In April 2003, she started the nonprofit Holland Center in Excelsior, Minn., for children ages 2 to 8 who have autism, including Cade, whose face is on the Web site’s home page. The staff consists of a behavioral analyst, an occupational therapist, a speech therapist, a special education teacher, a music teacher, two psychologists, 15 behavioral therapists and Ms. VanDerHorst-Larson as the business manager. That comes to 23 people working with 17 children.

Six months after the Holland Center was created, she was back to more traditional entrepreneurship, starting St. Croix Solutions, a technology consulting firm and provider of computer hardware. She said that she wanted her son to sprout his wings and that she realized he could not do that if she was at the center all the time.

But it was more than that. “It’s in my nature,” she said. “I saw an opportunity. My husband says, ‘Don’t start anything else.’ But it’s like a drug.” Ms. VanDerHorst-Larson estimates that St. Croix’s revenue this year will be $26 million, up from $18 million last year.

Dr. Kerry J. Sulkowicz, an M.D. who founded the Boswell Group, a New York consulting firm that specializes in business culture issues, says Ms. VanDerHorst-Larson’s approach to her son’s disability is a case study in “the uncanny ability of entrepreneurs to see obstacles as challenges and to jump over them instead of being stopped by them.”

“Many mothers might react to the discovery that their child has autism with depression,” Dr. Sulkowicz said. “Jennifer didn’t because she had pre-existing resources that she could call upon to seek a solution to the problem.”

Asked how he interpreted her statement that her son became her investment and she the manager, Dr. Sulkowicz said it was ” a depersonalization of something that is extremely personal.” He continued: “It’s kind of like saying, ‘On one level, I’m not going to think in terms of mother and son, I’m going to take a half step back and approach and deal with that as a business problem. Because that way, I will be more likely to find a solution.’ That approach, in turn, has probably made her a sturdier and more satisfied mother.”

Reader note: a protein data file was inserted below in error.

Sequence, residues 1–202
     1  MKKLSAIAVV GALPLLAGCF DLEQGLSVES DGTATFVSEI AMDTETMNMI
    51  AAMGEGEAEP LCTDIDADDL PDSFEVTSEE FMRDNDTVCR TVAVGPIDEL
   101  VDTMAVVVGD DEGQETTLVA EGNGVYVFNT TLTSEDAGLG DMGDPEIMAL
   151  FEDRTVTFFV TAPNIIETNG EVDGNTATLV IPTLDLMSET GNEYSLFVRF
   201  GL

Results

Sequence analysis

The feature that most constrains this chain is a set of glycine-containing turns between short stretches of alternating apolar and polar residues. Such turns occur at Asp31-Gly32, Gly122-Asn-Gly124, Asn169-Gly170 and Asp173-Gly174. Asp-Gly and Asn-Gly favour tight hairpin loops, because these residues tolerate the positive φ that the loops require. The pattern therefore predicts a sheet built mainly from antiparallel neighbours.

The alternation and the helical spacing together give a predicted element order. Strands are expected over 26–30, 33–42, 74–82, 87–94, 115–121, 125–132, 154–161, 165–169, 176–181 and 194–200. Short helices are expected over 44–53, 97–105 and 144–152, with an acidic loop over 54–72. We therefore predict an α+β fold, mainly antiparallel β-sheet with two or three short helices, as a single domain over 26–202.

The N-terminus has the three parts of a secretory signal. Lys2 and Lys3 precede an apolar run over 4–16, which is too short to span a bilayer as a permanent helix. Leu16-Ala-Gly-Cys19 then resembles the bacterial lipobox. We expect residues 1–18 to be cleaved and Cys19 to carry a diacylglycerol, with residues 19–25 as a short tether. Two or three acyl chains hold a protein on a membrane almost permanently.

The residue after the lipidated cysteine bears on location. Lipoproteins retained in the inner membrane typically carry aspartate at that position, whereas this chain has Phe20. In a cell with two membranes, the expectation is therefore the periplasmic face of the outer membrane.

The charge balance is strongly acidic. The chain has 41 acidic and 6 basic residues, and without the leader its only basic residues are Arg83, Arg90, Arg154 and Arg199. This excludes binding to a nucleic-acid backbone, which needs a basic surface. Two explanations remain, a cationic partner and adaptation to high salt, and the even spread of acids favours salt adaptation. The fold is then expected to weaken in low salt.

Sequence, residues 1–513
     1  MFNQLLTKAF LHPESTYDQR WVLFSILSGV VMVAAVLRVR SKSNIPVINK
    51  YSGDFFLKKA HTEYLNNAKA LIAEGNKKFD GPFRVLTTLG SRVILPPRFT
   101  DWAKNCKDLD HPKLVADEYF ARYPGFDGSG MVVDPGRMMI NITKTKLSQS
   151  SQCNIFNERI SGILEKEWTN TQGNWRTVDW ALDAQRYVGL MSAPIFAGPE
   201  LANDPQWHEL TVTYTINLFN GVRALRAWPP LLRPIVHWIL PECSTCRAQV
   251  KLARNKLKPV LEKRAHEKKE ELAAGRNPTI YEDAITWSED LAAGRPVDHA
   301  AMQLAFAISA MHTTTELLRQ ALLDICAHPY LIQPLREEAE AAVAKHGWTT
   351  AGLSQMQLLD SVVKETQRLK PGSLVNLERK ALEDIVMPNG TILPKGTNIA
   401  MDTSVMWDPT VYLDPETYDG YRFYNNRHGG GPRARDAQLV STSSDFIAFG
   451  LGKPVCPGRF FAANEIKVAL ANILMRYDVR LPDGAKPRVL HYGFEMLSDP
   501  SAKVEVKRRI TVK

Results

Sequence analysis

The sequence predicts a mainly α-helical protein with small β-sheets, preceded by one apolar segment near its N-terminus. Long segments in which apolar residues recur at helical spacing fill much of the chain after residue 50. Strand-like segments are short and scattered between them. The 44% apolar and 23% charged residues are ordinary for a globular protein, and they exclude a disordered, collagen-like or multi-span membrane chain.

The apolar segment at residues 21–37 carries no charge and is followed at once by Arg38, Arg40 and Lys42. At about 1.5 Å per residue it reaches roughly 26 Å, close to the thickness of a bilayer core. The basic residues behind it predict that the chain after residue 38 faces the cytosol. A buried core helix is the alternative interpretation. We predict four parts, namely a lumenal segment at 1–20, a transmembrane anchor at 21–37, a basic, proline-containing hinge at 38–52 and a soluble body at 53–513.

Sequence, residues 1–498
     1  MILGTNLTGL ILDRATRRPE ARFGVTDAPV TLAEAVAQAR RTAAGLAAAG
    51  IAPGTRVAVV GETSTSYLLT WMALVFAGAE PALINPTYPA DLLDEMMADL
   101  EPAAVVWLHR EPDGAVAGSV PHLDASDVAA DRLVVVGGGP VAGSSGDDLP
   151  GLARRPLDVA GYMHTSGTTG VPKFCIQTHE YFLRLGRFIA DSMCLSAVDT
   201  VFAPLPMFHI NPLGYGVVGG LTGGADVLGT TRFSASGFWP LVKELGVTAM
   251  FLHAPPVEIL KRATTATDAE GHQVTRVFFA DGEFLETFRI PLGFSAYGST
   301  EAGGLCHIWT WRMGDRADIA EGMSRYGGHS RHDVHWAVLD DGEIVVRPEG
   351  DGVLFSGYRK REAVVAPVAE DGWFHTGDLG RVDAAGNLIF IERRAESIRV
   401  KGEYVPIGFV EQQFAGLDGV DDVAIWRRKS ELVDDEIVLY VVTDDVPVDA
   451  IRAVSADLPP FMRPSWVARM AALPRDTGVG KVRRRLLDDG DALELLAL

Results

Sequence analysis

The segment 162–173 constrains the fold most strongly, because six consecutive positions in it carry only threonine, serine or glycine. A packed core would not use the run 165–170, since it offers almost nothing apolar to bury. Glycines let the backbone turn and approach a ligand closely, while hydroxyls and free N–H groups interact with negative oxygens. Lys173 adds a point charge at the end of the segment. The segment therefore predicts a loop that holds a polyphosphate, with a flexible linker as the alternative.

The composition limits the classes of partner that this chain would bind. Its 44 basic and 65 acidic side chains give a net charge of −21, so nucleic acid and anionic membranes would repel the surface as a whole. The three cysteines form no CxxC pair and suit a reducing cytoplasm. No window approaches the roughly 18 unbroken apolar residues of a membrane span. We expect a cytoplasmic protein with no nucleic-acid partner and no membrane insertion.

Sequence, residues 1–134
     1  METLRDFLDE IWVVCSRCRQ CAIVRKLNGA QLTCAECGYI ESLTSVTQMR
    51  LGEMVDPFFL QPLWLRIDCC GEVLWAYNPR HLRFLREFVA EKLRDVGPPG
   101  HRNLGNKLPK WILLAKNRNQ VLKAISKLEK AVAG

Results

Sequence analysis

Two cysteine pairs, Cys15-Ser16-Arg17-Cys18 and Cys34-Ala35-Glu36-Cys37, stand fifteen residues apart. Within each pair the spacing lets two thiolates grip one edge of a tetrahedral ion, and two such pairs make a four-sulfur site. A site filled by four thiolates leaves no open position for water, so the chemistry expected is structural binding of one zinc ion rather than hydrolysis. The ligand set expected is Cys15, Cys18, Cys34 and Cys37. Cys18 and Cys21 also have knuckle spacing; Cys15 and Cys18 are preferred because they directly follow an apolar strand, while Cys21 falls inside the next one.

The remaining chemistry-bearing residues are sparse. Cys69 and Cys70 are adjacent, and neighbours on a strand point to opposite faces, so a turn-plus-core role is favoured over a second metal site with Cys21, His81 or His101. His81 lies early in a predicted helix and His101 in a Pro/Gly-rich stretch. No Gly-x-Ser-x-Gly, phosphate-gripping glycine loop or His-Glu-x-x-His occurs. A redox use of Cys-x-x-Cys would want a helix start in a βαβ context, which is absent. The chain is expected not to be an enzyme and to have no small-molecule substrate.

Ms. VanDerHorst-Larson said she had not decided yet what to do next. She said she might create a chain of autism centers or a foundation to help children with autism. Or both.

Her ordeal, she agreed, had made her a better entrepreneur. “It changed my perspective on everything,” she said. “It gave me more drive in looking for opportunities and challenging myself more. It has led me to think harder, make smarter decisions.”

Successful entrepreneurs do not agonize over problems. They jump in and solve them, often in ways they could never have foreseen. Ms. VanDerHorst-Larson was unable to find a quick fix to Cade’s autism. But she found a remedy.

“Today, he does speak,” she said. “He says, ‘Sit, mommy,’ and ‘Blue crayon,’ and ‘Red shirt.’ He’s not in pain anymore. He’s a social person. He makes eye contact. He’s happy.”

Written by Brent Bowers

© Copyright 2007 The New York Times Company